The State Department is denying charges it held up a security contract to protect the U.S. Ambassador in volatile post-conflict Libya.
On an appearance last night on Piers Morgan Tonight , former Romney and United Nations spokesperson Ric Grenell said he’d been told by State Department officials that Academi “was set to go in and provide security for the Ambassador in Libya.”
“They have been waiting,” Grenell said. “They've done some preliminary evaluations, but for two months, they have been waiting while the State Department decides to get the paperwork right."
A second source with ties to Foggy Bottom confirmed the substance of Grenell's account to BuzzFeed.
But State Department spokeswoman Victoria Nuland issued a blanket denial this morning of the claim that State Department red tape held up a contract with the firm.
"There is no truth to this," Victoria Nuland told BuzzFeed. "We are not working with any private security firm to provide services in Libya."
However, Nuland did not respond directly to Grenell's specific charges.
A spokesman for Academi, John Proctor, would not confirm or deny the “existence” of the contract. “The company doesn’t comment on specific contracts or operations as a general rule,” he said.
The exchange comes in the aftermath of the deadly assault in Benghazi, where an American ambassador was killed. Now, questions are being raised as to whether the State Department had adequate security measures in place to protect its staff.
One of the biggest questions: should Ambassador Chris Stevens, and the consulate in Benghazi, have had a larger security presence made up of Western private security contractors?
The answer is complicated, and hinges on a running debate about the contractors' role in American foreign policy. For one, details of what happened, and how the incident could have been prevented, are still murky.
The question also touches on the perennial debate in conflict and post-conflict security situations—low or high profile?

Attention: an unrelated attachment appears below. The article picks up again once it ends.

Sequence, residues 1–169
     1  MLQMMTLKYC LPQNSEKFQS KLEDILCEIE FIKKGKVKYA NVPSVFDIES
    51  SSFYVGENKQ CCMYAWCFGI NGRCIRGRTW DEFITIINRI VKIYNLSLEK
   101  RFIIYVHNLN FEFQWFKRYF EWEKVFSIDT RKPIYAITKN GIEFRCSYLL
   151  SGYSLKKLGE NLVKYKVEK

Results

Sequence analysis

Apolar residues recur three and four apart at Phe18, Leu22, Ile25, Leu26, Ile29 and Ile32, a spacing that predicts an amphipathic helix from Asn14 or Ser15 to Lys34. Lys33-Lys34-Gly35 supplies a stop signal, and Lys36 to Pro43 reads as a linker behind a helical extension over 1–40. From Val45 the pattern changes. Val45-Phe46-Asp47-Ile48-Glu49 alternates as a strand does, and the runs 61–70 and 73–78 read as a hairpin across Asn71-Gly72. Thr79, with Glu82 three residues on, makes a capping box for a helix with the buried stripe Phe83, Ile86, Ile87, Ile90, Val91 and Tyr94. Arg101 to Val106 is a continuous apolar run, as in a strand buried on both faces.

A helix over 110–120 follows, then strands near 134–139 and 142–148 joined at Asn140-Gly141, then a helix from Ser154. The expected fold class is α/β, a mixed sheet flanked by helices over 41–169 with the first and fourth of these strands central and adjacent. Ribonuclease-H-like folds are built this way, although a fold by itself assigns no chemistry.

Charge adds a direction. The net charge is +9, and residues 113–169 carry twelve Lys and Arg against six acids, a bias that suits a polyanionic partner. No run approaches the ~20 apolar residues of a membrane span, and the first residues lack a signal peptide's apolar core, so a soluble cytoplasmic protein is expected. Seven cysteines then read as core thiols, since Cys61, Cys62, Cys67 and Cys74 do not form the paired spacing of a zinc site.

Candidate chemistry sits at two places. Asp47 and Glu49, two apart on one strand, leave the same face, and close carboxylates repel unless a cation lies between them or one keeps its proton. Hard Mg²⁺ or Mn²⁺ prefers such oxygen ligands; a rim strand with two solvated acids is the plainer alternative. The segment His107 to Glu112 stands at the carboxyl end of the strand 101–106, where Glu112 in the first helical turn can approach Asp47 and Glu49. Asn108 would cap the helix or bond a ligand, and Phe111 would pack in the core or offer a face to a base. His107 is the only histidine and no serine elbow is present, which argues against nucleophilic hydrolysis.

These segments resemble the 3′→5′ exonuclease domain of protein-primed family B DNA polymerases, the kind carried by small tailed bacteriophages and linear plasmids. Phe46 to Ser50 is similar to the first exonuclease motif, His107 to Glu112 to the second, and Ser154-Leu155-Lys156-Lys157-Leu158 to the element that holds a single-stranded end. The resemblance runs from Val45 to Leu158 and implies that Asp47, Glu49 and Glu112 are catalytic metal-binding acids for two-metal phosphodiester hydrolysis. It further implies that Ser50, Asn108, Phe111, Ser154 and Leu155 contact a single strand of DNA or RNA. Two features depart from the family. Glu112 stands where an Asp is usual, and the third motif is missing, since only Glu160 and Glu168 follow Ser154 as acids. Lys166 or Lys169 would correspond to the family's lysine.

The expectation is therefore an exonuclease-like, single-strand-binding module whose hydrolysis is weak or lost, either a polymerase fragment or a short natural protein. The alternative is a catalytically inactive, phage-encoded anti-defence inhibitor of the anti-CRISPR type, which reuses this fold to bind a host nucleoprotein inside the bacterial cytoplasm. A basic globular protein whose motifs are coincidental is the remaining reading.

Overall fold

A high profile, more aggressive security posture can have the effect of inflaming local sentiment against Americans, thus making U.S. personel less safe in the long run. On the other hand, going the lower profile route makes one vulnerable to a dedicated and well planned attack.
The company formerly known as Blackwater has been at the heart of this debate, representing the more aggressive security posture.
During the Iraq War, Blackwater became the poster child for American foreign policy gone awry — arrogant mercenaries acting with impunity and outside the law.
For years, the U.S. Ambassador in Baghdad would travel with dozens of armored vehicles and scores of armed American private security guards wherever he went — including helicopters flying overhead.
This came to a head during a September 2007 shooting at Nissor Sqaure in Baghdad, where 17 Iraqi civilians were killed by Blackwater security guards escorting a convoy of US AID staffers.
The fallout was tremendous: because of Nissor square (and other scandals) Blackwater would be forced to change its name, first to Xe Services, and to its latest incarnation, Academi. Officially, Blackwater was banned from Iraq, and its founder, Erik Prince, left the U.S. to live in Abu Dhabi.
Yet for all its clear faults, Blackwater had never lost a “principal”—one of the individuals they were tasked to protect.
This post has been updated with an additional comment from State Department spokesperson Victoria Nuland.